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I agree with Monkey and Buckroo. I balance the fuel as it gets low. I've always been on the ground before the fuel disappears from either tube. I wouldn't consider any other approach prudent.

Mike Koerner

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7 hours ago, FlyingMonkey said:

I’ll go a step further, and say don’t let either tank go dry.  That way slip, skid, whatever, you will never get in a situation where you don’t have at least one tank feeding the engine.  Balancing fuel is easy enough in these airplanes that there’s not a good excuse to fly around with an empty tank, when a moment of inattention in that condition could result in a stoppage.

Just IMO, your mileage may vary.

 

22 minutes ago, Mike Koerner said:

I agree with Monkey and Buckroo. I balance the fuel as it gets low. I've always been on the ground before the fuel disappears from either tube. I wouldn't consider any other approach prudent.

Mike Koerner

 

7 hours ago, Buckaroo said:

My CTSW is a brilliant Light Sport aircraft that I really cannot find a better example. There fast, carry a lot, beautifully built, quality, pretty and roomy. 

Just don’t fly on less than 10 or 12 gallons of gas until you learn the idiocy’s of operating with low fuel load of say less than 12 gallons! 

I honestly cannot find a better machine for fun, sport, crisp handling etc. They are like a fun sports car only in the sky! Also very safe!

The good advice quoted here should not cause you to reject the technique I laid out for critically low fuel.  If you get below legal reserves in your CT you will want to transition for the final few gallons.

You will likely never pull your chute but you do want to know how to go about it.  You may never get critically low on fuel but then again you might realize a fuel leak or just screw up one time.

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Thanks for that clarification, Ed.

I agree. In the unfortunate event that you only have fuel on one side, you need to keep it showing. That's an emergency procedure that's good to know.

Mike Koerner

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7 hours ago, Mike Koerner said:

In the unfortunate event that you only have fuel on one side, you need to keep it showing. That's an emergency procedure that's good to know.

In the scenario being discussed, fuel has been used predominately out of one tank, presumably from intentional or unintentional trim adjustment, until it is dry.  Then, the plane is re-trimmed/flown in a slip to move the remaining fuel outboard to inboard, to keep it showing.  However, that action also starts to transfer fuel back to the dry tank.  So in this emergency procedure, if the fuel stops showing or gets critically low, which will happen faster than normal due to the fuel going both to the engine and the other tank, you should then swap sides again to get access to the newly-transferred fuel.  Right?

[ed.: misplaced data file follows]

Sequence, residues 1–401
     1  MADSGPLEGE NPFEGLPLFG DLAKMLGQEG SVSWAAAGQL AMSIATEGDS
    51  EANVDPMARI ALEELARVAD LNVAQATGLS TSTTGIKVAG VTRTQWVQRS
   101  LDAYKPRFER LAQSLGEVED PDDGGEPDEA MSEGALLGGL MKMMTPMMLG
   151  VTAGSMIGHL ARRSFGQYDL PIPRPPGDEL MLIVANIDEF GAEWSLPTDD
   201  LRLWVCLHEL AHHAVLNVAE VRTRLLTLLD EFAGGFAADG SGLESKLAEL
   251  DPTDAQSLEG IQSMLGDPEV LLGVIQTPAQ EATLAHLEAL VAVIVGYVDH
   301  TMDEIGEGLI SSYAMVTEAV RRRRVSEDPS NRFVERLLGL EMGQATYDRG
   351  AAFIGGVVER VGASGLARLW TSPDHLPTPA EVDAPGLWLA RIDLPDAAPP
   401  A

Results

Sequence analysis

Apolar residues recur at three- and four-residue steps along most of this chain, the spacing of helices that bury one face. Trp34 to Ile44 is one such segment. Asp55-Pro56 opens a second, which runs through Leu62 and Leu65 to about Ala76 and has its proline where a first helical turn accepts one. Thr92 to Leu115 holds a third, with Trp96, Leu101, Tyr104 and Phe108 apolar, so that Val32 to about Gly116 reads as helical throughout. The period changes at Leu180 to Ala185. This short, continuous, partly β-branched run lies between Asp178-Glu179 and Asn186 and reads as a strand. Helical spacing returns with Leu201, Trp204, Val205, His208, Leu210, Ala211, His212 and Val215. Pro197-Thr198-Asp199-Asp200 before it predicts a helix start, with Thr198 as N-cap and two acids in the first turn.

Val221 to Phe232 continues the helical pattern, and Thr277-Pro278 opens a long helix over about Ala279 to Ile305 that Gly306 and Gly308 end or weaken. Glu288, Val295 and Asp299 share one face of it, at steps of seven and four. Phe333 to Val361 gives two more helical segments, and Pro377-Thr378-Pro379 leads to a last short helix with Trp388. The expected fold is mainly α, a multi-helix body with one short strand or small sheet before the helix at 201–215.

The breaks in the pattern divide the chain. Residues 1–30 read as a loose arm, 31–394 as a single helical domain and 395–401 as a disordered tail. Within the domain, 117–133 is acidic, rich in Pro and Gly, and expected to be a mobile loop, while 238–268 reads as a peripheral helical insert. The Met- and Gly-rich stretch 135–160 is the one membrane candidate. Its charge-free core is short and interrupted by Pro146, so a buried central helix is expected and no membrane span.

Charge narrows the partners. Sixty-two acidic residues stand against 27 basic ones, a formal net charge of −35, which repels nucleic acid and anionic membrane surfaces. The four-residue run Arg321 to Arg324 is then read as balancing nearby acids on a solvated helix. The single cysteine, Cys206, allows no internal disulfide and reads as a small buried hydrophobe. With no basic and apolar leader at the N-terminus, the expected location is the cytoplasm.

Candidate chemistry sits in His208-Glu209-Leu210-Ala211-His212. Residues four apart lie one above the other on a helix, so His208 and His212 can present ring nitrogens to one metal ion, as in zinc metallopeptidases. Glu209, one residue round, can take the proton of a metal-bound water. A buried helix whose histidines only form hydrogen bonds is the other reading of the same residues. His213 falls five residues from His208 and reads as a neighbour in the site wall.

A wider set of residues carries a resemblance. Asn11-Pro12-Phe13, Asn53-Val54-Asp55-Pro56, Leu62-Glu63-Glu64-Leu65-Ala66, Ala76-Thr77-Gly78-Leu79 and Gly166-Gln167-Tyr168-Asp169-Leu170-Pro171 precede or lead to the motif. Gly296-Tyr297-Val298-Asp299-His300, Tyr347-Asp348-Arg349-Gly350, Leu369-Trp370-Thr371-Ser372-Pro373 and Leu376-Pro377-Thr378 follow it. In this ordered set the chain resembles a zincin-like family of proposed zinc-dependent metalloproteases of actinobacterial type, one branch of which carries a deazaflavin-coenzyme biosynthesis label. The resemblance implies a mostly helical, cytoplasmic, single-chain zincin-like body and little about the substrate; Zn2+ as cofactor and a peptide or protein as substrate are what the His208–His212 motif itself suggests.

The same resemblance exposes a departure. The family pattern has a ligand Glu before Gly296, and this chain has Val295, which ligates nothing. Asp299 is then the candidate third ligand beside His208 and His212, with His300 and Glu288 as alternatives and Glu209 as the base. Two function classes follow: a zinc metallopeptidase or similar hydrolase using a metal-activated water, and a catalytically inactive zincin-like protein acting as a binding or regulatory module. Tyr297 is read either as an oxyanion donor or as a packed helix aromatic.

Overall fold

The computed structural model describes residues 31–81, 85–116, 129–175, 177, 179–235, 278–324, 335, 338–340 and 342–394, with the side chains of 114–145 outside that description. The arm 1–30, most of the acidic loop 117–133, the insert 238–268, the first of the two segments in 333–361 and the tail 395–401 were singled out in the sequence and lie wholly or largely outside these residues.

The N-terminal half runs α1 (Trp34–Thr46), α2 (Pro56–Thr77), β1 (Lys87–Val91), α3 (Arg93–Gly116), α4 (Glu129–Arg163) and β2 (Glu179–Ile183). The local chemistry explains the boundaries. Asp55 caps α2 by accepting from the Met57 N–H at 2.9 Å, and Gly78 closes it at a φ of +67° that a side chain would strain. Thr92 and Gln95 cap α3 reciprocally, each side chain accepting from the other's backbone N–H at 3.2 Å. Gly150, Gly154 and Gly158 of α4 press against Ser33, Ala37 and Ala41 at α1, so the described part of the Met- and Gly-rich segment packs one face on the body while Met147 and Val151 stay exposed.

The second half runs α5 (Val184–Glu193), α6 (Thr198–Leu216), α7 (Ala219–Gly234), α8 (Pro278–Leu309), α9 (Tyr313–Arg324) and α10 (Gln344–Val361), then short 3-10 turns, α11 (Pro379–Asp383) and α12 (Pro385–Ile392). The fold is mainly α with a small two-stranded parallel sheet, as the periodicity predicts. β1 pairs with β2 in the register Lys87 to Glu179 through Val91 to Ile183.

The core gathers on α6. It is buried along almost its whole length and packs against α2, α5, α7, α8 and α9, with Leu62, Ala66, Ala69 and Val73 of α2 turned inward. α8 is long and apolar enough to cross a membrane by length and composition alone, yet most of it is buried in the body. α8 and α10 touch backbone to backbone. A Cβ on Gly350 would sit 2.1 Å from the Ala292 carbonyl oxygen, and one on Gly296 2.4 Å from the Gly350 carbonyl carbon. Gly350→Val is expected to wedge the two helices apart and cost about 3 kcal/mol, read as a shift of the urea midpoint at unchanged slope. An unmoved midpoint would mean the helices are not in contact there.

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25 minutes ago, JLang said:

In the scenario being discussed, fuel has been used predominately out of one tank, presumably from intentional or unintentional trim adjustment, until it is dry.  Then, the plane is re-trimmed/flown in a slip to move the remaining fuel outboard to inboard, to keep it showing.  However, that action also starts to transfer fuel back to the dry tank.  So in this emergency procedure, if the fuel stops showing or gets critically low, which will happen faster than normal due to the fuel going both to the engine and the other tank, you should then swap sides again to get access to the newly-transferred fuel.  Right?

You have a remarkable degree of fine adjustment.  Once critical you do want to keep that last couple of gallons inboard but don't slip more than necessary.  

I have used this technique more than once and the fuel gets consumed it doesn't get transferred to the other side.

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5 hours ago, Ed Cesnalis said:

You have a remarkable degree of fine adjustment.  Once critical you do want to keep that last couple of gallons inboard but don't slip more than necessary.  

I have used this technique more than once and the fuel gets consumed it doesn't get transferred to the other side.

But wouldn't the fuel "follow the ball" to the other tank?  Or perhaps in the scenario with little fuel to start with, the head pressure is small enough to make the transfer too slow to notice?

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5 minutes ago, JLang said:

But wouldn't the fuel "follow the ball" to the other tank?  Or perhaps in the scenario with little fuel to start with, the head pressure is small enough to make the transfer too slow to notice?

it wall follow the ball and flow to the engine.  again this is a matter of degree.  think strait and level slip so we can compare bank angle.  The tanks are low and flat so with no slip the last couple gallons wants to distribute evenly and not be collected at the port, at the root where it can do good. 

A very small bank collects that remaining fuel at the root where a steeper bank provides a faster transfer rate to the other tank.  Best course is to use your rudder trim to keep fuel inboard without excessive yaw force.  Judge by the resulting level, Dry is bad, wet but low level is best.

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2 hours ago, Roger Lee said:

1/2 ball out usually keeps tanks equal . . . 

So does the occasional glance at the wingtips, ensuring that they are approximately the same distance above the port and starboard horizons.

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By the way, side note: empty 5gal Tuff Jugs fit perfectly in the baggage compartment of th CTLS. I used them on a recent XC voyage and at some airports I could just use the courtesy car to take the jugs to a gas station.